It also comes as Barack Obama, the US president, is to host a fiscal responsibility summit at the White House on Monday aimed at curbing the US's enormous deficit, estimated at $1.2trn, not including the recent $787bn stimulus package.
He is currently in talks with US governors from all 50 states in Washington DC on the financial crisis and to solidify support for the stimulus package.
The US president is also due to unveil details of his proposed 2010 financial budget in his first speech to congress on Tuesday.
The plan, which must be approved by congress, is expected to propose halving the federal budget deficit in four years by cutting and reforming social safety nets and reducing spending in Iraq.
The Treasury Department, Federal Deposit Insurance Corporation, Office of the Comptroller of the Currency, Office of Thrift Supervision and the US Federal Reserve jointly issued the statement amid growing concern that some of the US's largest banks may need additional assistance to survive the US's worst financial crisis since the 1930s.
Under the assistance programme, should banks be in need of additional cash they can seek private investment or temporary funds which will be provided by the US government, regulators said.
The programme is part of a larger financial rescue plan announced earlier in February by Timothy Geithner, the US treasury secretary, that will include the creation of a public-private partnership to buy up so-called "toxic assets" on US banks' books.
The news follows US media reports that US bank Citigroup was in talks with the US government over taking a bigger stake in the bank, with the Wall Street Journal reporting it could be as much as 40 per cent of the bank's stock.
Citigroup has already recieved $45bn of US government funding along with guarantees to cover losses on hundreds of billions of dollars in risky investments and loans from the government.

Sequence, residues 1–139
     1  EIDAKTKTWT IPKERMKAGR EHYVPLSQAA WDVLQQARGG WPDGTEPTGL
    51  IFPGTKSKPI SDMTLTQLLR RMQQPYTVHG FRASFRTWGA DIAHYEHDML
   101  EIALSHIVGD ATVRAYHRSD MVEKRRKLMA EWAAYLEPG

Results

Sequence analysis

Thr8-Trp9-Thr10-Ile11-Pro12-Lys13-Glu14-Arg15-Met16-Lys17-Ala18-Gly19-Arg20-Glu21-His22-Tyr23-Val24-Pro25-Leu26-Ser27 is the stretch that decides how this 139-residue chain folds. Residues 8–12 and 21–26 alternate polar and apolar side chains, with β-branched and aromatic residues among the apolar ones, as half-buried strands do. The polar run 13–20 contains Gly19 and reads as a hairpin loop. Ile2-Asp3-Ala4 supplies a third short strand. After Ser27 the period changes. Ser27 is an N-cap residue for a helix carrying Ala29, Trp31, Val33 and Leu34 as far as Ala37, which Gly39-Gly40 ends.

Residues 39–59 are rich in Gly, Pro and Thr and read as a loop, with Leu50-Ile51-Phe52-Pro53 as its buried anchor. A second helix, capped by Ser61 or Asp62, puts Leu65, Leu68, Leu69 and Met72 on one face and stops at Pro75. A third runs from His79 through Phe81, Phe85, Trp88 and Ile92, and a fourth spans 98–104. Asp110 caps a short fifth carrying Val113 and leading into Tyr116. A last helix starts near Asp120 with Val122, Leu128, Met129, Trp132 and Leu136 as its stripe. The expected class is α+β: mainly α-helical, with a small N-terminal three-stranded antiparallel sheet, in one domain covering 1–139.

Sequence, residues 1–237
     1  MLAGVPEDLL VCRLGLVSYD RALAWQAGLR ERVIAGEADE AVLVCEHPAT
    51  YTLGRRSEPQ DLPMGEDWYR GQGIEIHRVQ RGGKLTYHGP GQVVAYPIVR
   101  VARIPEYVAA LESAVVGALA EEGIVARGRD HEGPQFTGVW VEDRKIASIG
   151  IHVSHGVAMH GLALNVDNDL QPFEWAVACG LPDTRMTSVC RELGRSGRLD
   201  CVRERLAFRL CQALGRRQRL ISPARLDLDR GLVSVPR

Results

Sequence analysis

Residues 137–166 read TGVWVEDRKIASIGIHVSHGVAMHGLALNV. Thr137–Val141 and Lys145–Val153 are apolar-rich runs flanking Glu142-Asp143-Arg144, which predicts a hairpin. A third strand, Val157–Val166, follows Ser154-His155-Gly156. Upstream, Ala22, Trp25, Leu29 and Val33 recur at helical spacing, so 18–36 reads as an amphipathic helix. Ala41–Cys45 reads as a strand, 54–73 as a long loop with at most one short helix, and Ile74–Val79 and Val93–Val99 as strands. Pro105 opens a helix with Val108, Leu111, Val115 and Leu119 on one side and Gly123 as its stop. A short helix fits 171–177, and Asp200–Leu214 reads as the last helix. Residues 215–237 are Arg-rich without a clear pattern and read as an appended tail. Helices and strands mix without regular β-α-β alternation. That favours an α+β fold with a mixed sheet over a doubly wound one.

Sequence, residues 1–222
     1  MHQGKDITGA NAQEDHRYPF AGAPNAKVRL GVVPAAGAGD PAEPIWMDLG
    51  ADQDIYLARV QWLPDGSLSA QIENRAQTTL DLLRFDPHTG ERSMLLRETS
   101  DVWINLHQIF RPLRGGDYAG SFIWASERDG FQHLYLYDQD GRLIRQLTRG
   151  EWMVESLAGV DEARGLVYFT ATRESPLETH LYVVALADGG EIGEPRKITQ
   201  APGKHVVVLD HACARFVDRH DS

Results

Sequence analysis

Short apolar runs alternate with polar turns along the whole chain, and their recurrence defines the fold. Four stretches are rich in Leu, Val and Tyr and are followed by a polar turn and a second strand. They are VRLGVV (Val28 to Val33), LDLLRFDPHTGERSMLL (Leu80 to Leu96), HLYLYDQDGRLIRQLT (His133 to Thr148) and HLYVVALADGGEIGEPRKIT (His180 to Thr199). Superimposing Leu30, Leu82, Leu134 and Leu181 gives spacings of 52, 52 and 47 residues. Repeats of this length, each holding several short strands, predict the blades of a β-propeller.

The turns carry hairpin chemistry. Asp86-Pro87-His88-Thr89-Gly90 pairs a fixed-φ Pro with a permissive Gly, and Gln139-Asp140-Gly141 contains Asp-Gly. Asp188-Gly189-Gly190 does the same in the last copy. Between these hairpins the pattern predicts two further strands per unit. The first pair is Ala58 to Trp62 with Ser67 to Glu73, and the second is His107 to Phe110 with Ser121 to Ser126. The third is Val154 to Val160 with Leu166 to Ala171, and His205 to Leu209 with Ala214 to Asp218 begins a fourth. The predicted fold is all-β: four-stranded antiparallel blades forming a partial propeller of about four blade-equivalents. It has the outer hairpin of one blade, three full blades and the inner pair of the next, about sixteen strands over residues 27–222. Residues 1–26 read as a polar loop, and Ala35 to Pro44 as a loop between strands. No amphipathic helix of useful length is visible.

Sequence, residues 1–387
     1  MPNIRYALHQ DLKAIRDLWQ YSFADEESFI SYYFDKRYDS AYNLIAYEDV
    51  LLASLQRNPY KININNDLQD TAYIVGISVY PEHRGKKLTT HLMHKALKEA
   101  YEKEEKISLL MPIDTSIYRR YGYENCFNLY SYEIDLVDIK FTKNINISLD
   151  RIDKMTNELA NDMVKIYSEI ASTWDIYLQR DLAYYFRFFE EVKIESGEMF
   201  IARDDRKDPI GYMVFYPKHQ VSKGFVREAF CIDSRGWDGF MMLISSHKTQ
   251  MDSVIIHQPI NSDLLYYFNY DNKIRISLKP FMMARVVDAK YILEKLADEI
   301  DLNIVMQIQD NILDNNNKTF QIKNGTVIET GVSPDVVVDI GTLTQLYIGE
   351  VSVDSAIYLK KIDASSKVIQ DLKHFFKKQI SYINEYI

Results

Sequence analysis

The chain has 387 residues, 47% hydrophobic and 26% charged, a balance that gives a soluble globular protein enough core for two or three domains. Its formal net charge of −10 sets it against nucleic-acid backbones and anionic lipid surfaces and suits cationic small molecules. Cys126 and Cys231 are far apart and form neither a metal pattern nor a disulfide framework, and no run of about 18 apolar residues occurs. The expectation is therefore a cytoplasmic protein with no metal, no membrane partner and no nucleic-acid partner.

Bank of America, which also received $45bn from the government and guarantees on a portion of its risky assets, is also among the banks that investors fear could be poised for a US government takeover.
However the US government has denied it could partly or entirely nationalise the banks, with Robert Gibbs, the White House spokesman, saying on Friday there were no plans for the government to take further control of the US financial system.
"This administration continues to strongly believe that a privately held banking system is the correct way to go, ensuring that they are regulated sufficiently by this government," Gibbs said.
Al Jazeera's John Terrett in New York says nationalisation remains a dirty word in US business circles, which is why the Obama administration says it is prepared to stand behind banks with money as a cushion, but wants private equity firms such as sovereign wealth funds to assist the banks.
Only if the private sector cannot help will the government step in, he says, although there remains a real concern that the banks will be overwhelmed by their debts.
US stocks fell after an initial rally on Monday, with the Dow Jones Industrial Average falling 77.18 points, or 1.05 per cent, to 7,288.49 in mid-morning trading.